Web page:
Director David Bruckner made headlines in the film world when he released his first film, The Signal (2007), which was made on a paltry $50,000 budget. A few years later he would be invited to film a segment for the first entry in the V/H/S (2012) series. Now four films into that series, his segment, titled Amateur Night, is still universally considered one of the best segments of the bunch.

With The Ritual, we once again see him making magic with an incredibly meager budget, this time topping about $1,000,000. That’s a remarkable feat, especially considering the quality of the final product. This film features above-par acting from every cast member, great direction, is visually stunning with some pretty convincing set design, and lots of effectively eerie shots of the forest that gives it a foreboding life of its own. Strong recommend.

— B

My rating: 8/10

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#Sisters (1972)

Directed by Brian De Palma

#79
0

Split screen mania! Ketchup blood! Only a young, wide-eyed director would have the gumption to use split screen so liberally. I mean, you’re literally filming twice the amount of footage, and orchestrating everything to line up just so must be terribly challenging. I gave “split screen” a search in Google Images and a screenshot from this film was the fifth image.

I remember watching Sisters many years ago and feeling like the twist ended up not being the twist I was hoping for, and I felt the same way after a recent repeat viewing. In fact, I don’t think the ending really works, and even Jennifer Salt (one of the lead actresses) admitted in an interview that she herself had no idea what it was supposed to mean.

Either way, it’s a really fun ride that’s nice to look at, and the score by Bernard Herrmann — Alfred Hitchcock’s composer of choice — is characteristically chilling and moody. I think De Palma must have been giddy beyond measure to work with Herrmann, as the final cut of the film places the score front-end-center at every opportunity.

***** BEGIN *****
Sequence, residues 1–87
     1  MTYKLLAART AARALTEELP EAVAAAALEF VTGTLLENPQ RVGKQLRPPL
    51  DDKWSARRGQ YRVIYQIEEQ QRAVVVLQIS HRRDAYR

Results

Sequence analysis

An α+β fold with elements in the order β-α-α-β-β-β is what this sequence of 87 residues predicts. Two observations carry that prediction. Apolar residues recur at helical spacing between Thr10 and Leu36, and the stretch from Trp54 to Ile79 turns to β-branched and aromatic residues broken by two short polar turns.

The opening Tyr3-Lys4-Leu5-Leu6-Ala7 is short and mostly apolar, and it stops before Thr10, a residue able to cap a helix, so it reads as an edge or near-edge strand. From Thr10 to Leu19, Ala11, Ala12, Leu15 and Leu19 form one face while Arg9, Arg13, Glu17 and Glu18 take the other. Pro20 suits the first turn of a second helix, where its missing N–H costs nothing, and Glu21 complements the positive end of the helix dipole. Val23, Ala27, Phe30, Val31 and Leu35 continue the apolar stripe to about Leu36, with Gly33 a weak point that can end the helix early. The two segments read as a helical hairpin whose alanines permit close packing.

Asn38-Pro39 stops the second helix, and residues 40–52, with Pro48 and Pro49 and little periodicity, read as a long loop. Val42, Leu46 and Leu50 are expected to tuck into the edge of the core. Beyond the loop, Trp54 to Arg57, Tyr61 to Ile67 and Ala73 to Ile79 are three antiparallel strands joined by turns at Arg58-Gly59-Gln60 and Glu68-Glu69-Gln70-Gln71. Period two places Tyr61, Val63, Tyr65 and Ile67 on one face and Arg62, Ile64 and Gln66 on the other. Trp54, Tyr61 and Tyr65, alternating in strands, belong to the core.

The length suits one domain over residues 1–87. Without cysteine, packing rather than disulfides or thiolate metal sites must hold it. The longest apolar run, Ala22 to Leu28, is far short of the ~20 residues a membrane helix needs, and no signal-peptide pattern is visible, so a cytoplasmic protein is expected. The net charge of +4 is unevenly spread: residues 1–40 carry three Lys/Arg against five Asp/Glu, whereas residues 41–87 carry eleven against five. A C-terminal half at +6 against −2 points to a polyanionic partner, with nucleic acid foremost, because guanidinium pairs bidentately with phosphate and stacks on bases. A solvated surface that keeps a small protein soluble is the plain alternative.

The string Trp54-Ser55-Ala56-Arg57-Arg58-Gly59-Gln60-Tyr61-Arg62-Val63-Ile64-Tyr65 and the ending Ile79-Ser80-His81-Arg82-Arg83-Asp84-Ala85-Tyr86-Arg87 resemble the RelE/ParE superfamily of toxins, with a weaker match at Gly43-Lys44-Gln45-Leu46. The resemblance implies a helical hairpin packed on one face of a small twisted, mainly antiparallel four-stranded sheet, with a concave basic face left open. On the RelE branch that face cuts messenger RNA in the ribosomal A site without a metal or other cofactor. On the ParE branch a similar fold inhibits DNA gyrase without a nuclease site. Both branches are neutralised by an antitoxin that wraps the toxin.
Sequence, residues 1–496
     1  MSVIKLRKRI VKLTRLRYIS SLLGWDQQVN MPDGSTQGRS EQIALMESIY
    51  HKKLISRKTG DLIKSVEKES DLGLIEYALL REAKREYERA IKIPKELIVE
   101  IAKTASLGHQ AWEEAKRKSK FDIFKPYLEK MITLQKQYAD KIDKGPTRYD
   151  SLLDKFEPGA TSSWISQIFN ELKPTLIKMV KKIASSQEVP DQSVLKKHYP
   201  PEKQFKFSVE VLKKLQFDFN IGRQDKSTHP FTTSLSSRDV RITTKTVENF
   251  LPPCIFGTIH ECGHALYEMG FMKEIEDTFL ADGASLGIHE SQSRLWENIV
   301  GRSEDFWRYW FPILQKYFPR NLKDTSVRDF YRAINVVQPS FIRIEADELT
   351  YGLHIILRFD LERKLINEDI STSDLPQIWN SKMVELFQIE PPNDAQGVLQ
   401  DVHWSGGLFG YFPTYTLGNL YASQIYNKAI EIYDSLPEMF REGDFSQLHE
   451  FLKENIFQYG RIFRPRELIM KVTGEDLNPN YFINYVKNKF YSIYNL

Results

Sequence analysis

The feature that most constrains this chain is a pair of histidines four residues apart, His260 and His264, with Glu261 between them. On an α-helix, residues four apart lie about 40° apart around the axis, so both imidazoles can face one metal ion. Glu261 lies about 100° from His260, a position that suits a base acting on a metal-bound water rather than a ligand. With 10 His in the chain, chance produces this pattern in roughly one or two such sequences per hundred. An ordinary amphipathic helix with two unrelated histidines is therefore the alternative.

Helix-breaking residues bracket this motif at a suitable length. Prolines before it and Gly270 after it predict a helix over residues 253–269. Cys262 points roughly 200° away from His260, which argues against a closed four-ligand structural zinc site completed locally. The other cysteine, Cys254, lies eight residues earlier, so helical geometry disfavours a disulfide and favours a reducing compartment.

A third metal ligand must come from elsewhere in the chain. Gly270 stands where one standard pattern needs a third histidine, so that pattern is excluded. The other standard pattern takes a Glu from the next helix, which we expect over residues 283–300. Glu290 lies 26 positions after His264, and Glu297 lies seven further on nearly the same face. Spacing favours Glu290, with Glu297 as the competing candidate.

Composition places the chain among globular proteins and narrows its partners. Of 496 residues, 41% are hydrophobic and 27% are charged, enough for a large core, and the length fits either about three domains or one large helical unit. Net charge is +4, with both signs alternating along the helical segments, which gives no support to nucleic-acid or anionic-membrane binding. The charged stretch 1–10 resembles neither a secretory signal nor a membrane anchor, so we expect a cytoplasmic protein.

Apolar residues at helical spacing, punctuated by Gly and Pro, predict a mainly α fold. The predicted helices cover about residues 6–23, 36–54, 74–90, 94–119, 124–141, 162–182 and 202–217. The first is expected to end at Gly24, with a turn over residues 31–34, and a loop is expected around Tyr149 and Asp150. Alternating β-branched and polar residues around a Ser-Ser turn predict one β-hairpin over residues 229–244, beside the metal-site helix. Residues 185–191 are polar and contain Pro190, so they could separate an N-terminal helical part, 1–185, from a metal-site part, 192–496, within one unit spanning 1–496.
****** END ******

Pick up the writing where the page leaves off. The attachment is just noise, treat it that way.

— B

My rating: 7/10

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#Antichrist (2009)

Directed by Lars von Trier

#78
0

I became an instant fan of Lars von Trier’s when I discovered his early film Europa (1991). Shortly after watching that film, Breaking the Waves (1996) was released and created a frenzy around him and star Emily Watson (making her theatrical film debut), who went on to be nominated for an Academy Award for Best Actress in a Leading Role. Breaking the Waves is a near-perfect film for me, but as with most of his projects, Trier made headlines with controversial statements like, “I was determined to write a story that was so far-fetched and so full of clichés that no one could take it seriously, but of course the audience liked it. All you have to do is come up with something really stupid, and it will become a great success.”

I’ve learned not to pay too close attention to anything he says about his own films. But when I heard that he was making a Horror film, and that he wrote and directed it while hospitalized for depression, and that it stars Willem Dafoe and Charlotte Gainsbourg, I found myself once again reading interviews with Trier to learn more. I was seeing comments like, “I watched a documentary where the forests were portrayed as a place of great pain and suffering as the different species tried to kill and eat each other. I was fascinated by the contrast between this and the view of nature as a romantic and peaceful place. At the same time that we hang it on our walls over the fireplace or whatever, it represents pure Hell.” I was intrigued.

Antichrist is far from a perfect film. In some ways I wonder if it should ever have left Trier’s brain (which could be said about many of his films). I think Trier’s films are made up of so many incredible and unique parts that sometimes don’t always fit perfectly together, but those parts are so good that it’s usually easily forgiven.

Antichrist is a deeply personal and original vision. It doesn’t always work, and sometimes it’s difficult to know if you’re expected to be horrified or to laugh (chaos reigns…), but because so many of the parts are so astoundingly beautiful and original, I feel it’s definitely worth a viewing. Be warned, though. There is good reason I blocked out most of the picture in the clip I chose.